Accounting standard IFRS 9 will replace IAS 39 in 2018, and corporate finance is sure to see significant effects from the move. Finance Director Europe takes a look at how businesses can avoid too much turbulence in changing times.
New standards and regulations often take so long to formulate that implementation seems like it may never happen. Schemes such as the Single Euro Payments Area (SEPA) had their deadlines pushed back time and again until they almost became running jokes. Change will come but, inevitably, some companies won’t realise it until the true scale of the transformation task is clear and they find themselves in a world of trouble.
Of course, that doesn’t apply to the readers of this magazine, who will undoubtedly have their ducks in a row well in advance of any major change. But with new accounting rules coming up next year, it’s worth considering what will change and how the corporate functions of financial institutions will have to respond.
The start of 2018 will see the introduction of the IFRS 9 accounting standard across the 120 constituencies that abide by IFRS rules. It will replace IAS 39, which was first adopted by the European Union in 2004. At the heart of IFRS 9 is a revised credit loss model that will change the way banks report losses – a necessary reaction, in the eyes of many, to the financial crisis of 2008.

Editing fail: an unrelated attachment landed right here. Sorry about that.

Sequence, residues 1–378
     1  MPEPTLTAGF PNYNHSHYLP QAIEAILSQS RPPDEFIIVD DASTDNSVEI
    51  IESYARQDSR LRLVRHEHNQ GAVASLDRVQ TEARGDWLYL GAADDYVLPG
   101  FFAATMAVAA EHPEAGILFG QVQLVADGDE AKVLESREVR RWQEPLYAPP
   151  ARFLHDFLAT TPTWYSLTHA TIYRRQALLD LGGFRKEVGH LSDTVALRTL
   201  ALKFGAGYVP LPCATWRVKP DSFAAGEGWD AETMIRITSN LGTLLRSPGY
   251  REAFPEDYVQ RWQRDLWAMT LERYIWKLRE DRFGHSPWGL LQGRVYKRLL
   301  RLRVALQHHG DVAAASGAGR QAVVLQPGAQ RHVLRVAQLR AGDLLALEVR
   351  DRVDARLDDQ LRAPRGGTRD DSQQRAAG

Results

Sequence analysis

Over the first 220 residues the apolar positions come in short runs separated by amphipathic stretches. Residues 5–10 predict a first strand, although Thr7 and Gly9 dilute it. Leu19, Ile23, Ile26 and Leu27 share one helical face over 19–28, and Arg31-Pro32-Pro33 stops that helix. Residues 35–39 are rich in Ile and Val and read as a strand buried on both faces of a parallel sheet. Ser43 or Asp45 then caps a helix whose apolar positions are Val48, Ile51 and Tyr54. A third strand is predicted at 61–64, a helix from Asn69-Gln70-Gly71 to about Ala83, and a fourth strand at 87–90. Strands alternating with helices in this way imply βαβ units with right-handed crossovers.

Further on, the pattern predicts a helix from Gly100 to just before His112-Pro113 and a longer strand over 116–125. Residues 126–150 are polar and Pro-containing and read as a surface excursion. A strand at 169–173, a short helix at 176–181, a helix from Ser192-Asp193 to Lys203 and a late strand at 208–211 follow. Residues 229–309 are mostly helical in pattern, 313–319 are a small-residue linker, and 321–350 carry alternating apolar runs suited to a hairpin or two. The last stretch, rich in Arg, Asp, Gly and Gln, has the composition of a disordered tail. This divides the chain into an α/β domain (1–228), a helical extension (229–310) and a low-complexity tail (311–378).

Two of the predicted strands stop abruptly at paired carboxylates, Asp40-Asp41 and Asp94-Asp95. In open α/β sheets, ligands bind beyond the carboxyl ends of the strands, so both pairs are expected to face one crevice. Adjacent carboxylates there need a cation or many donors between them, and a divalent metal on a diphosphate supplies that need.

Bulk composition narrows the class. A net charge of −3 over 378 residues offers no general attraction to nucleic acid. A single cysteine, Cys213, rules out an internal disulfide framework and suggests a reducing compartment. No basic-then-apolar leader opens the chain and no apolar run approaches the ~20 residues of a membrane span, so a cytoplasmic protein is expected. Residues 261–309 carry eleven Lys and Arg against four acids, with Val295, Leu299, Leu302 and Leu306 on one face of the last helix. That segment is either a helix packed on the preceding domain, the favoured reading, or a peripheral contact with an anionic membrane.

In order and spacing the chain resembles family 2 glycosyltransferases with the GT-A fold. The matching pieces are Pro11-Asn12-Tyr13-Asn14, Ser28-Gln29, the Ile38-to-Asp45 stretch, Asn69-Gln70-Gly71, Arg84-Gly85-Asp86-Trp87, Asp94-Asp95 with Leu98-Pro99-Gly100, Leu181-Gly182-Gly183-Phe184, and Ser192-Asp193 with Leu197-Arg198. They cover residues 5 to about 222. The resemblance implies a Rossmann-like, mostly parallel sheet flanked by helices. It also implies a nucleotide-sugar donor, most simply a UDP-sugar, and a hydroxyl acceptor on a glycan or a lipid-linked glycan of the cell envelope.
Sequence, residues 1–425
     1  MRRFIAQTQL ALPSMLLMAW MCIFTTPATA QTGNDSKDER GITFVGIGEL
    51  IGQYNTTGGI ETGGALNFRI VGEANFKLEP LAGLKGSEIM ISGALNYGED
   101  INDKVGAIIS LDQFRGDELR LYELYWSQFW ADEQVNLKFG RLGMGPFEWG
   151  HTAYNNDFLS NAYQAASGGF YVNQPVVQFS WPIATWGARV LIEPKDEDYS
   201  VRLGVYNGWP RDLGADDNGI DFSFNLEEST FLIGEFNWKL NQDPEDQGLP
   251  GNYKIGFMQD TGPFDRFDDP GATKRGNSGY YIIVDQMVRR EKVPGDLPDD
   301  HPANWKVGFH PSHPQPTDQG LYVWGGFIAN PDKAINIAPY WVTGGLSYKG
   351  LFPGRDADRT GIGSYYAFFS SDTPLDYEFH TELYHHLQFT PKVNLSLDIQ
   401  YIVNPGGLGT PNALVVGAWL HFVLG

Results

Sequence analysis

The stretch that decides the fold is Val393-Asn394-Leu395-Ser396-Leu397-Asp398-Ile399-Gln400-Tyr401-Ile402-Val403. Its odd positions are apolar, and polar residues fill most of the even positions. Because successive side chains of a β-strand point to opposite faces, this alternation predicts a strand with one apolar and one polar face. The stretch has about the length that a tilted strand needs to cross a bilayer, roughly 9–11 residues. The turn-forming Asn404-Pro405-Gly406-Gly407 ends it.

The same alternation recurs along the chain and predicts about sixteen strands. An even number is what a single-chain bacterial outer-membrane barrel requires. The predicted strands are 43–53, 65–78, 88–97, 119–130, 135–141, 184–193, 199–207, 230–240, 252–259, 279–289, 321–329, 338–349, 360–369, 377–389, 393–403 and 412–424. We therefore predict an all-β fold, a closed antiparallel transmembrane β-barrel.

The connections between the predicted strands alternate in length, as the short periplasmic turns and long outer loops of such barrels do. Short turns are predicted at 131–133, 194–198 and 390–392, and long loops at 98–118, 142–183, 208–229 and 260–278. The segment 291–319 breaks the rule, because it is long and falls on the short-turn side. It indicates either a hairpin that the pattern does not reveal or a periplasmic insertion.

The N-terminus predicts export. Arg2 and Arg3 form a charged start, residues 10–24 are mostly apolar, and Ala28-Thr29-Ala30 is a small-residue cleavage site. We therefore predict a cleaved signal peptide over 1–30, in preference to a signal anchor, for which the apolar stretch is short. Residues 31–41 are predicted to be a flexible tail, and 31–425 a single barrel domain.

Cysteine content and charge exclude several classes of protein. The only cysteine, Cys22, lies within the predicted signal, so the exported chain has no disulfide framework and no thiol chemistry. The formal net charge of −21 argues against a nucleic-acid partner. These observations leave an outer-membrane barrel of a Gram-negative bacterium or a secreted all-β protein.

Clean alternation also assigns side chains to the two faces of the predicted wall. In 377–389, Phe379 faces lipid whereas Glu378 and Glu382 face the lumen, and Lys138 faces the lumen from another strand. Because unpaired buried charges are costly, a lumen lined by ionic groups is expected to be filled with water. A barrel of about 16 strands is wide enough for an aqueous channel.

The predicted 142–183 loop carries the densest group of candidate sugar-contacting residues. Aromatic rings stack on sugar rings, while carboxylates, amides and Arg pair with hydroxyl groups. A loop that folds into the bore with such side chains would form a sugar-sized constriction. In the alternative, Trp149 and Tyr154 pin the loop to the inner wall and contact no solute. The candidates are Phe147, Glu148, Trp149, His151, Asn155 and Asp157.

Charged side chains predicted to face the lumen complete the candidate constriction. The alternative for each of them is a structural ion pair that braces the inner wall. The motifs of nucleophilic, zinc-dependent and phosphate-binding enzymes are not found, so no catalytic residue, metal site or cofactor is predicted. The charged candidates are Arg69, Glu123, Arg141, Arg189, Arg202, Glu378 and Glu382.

Due to the limitations of the current standard, bad loans were often booked too late and at too small an amount. This is because banks aren’t allowed to start booking losses until they have evidence of a triggering event, something like a market crash or big interest rate rise that would likely cause some riskier loans to go bad. This was particularly damaging during the crisis as losses weren’t booked until impairment had already happened, far too late to do anything about it.
The current standard also means that banks can only rely on past and current performance as an indicator of a loan’s likely repayment. They cannot factor in future predictions, no matter how well informed they may be. Your economic models might tell you that house prices are likely to go into steep decline over the next six months but your accounts cannot reflect this.
In 2009, the International Financial Reporting Standards (IFRS) set out to change this. It embarked on a long process of consultation through which it tried to ascertain which historic, current and future information had to be factored in when considering a firm’s financial health, and how they could do it in a way that was operationally manageable for the banks. The IFRS then put out three variations on a new impairment model and asked banks to choose their preferred one.